The principal figures used are the firing line figures. They are some of the more awkward poses to be found in the box. For starters, the poses are a trifle gawky and the kneeling figures are almost the same height as the standing. What’s more, they all seem to aim far too high. Perhaps charging cavalry are closing in or perhaps the enemy is marching towards them steeply downhill!? I’ve counteracted that effect to a small degree by tilting those figures slightly forward on their bases.
The grenadiers and their NCO:
The regimental flag:
Some officers of Reuss’ Regiment:
I realise that these constant Saxon army posts must blur into one! I’d like to say that I’m working on something completely different – but I’m not. One final battalion to go and then it’s on to some Lace Wars cavalry which – err – also wear red coats…
The Martinière’s Regiment is one of two all-grenadier formations I’m creating which together allow me to make maximum use of the two grenadier poses in Mars Saxon Infantry box. There are sixteen figures in total for this regiment which includes 9 grenadiers, 1 NCO, 3 officers, 1 flag-bearing ensign and 2 musicians (a fifer and a drummer).
The grenadiers and their NCO:
The regimental flag:
I particularly like the blue stockings of this regiment but I painted the musicians with white leggings to provide for a little extra distinction for them. And then I got carried away and accidentally painted one of the officers with white stockings too. Never mind, blame uniform shortages in the stores.
Two more infantry regiments to go, one of which is well advanced already and I’m ploughing resolutely on with the final one too!
I’m back painting cavalry again. The last cavalry I painted were Ottoman Sipahi back in November last year. This is the first cavalry regiment for my Lace Wars armies. The figures I’m using are Strelets new “British Cavalry” of the era 1701 to 1714.
With my 2021 being so focussed upon painting Saxon infantry, I immediately thought about painting them as Saxon cavalry. The Saxon armies infantry and cavalry colours being so similar to British regiments, figures could be easily used interchangeably on the wargaming field of battle. Once again, the glorious Tacitus website has lots of information on Saxon cavalry and after mulling over the options I’ve decided to paint them as Beust’s Regiment of Cuirassiers which had red coats and black distinctions.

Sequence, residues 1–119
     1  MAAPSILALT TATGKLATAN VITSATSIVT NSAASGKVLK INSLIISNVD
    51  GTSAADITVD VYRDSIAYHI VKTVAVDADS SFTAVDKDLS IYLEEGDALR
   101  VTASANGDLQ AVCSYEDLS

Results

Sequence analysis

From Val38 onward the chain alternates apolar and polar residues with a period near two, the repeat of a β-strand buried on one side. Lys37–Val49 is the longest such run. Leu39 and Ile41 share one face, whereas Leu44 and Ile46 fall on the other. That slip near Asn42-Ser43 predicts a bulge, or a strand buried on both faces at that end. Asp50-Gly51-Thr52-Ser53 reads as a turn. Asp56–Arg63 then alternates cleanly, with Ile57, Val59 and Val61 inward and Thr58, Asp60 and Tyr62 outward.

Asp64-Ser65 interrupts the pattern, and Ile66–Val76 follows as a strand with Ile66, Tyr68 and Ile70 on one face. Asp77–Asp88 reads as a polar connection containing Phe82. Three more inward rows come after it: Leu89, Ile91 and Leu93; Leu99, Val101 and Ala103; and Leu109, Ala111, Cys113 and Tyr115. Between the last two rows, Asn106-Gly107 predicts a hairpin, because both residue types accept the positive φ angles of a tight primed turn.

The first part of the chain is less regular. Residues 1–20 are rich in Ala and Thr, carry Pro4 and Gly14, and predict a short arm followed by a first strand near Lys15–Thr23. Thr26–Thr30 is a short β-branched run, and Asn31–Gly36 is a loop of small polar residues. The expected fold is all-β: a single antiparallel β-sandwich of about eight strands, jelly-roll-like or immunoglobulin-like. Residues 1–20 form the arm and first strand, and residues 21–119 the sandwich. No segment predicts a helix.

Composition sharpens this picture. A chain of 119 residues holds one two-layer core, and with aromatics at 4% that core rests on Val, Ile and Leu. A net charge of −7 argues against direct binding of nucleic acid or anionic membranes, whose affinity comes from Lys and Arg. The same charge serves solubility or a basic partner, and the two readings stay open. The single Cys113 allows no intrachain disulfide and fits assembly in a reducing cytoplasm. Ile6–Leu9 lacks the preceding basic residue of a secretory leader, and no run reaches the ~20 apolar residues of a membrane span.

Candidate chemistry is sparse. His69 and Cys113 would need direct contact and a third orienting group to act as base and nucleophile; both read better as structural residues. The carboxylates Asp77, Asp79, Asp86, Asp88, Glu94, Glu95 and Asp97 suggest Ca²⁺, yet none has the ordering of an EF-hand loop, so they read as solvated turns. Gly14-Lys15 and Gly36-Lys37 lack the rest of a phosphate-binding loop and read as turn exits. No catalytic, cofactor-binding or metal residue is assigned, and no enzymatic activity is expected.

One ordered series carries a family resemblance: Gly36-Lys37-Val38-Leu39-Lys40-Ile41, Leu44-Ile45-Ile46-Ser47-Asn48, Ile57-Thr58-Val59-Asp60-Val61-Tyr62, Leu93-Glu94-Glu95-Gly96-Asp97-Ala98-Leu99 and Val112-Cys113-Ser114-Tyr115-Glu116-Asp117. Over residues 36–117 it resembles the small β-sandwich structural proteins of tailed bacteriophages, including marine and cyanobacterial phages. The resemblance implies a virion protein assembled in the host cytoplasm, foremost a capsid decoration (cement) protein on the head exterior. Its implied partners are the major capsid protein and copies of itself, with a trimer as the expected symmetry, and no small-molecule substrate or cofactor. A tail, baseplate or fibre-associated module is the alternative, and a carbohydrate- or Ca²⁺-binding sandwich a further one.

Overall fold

I’ve started on the horses first and it felt good to be back painting them again. Strelets horses have not traditionally been rated very highly, their principal problem (I always felt) was that they were too chunky being very over-fed equines with seriously stocky legs. Strelets equine sculpting has certainly improved over the years, I think. These horses are very decent indeed and much better proportioned.
Strelets have mostly sorted the legs out. Always a tricky challenge for the sculptor, these horses are much better proportioned while the gait seems more natural and sensible than inn previous sets. I’m also particularly impressed with the detail on the horse tack, cheek pieces and bits being very clear and detailed.
At the moment, my horses are majority reddish bays but I recall Stokes over at The Grand Duchy of Stollen mentioning some time ago that he had painted the majority of his horses for a regiment as chestnuts because he recalled it being described as the most common horse colour in the Napoleonic era. So, with that in mind, I’m going to make a few changes to some to make the manes lighter or the same colour as the coats (i.e. true chestnuts). I may leave some Bays with dark manes and legs.
The all-important riders are next and again Strelets seem to have done a nice job!
I admit it. I’ve been quietly continuing on with my Mars Saxon infantry. It’s almost a mania.
To cut to the chase, I’ve now completed two of my six regiments – the Kurprinz and the elite Polish Guard. Each regiment consists of 9 troops, 1 NCO, a few officers, a flag bearer and two musicians (a drummer and fifer). The flags are based on the Polish Guard’s flag, featured on and downloadable from the Tacitus website. I’ve reproduced the same flag and given them a different background where appropriate based on the regimental facings.
The Kurprinz regiment in full:
Two dapper and haughty-looking officers of the Kurprinz Regiment:
Incidentally, I’ve given all the Saxon officers black sashes for no other reason than I liked it!
The full Polish Guard on parade:
Some officers of the Polish Guard:
Musicians of the Polish Guard:
I’ve also been working on a few other command figures for the other regiments:
A couple more regiments are nearly finished – so watch out for them. In other news, I notice that Strelets have been pushing on with their expanding War of the Spanish Succession range. It’s an embarrassment of riches, including
A ‘late war’ British cavalry regiment
Four separate boxes of French dragoons in various guises (skirmishing, ‘in reserve’, marching and attacking)
French musketeers of the guard
French Garde du Corps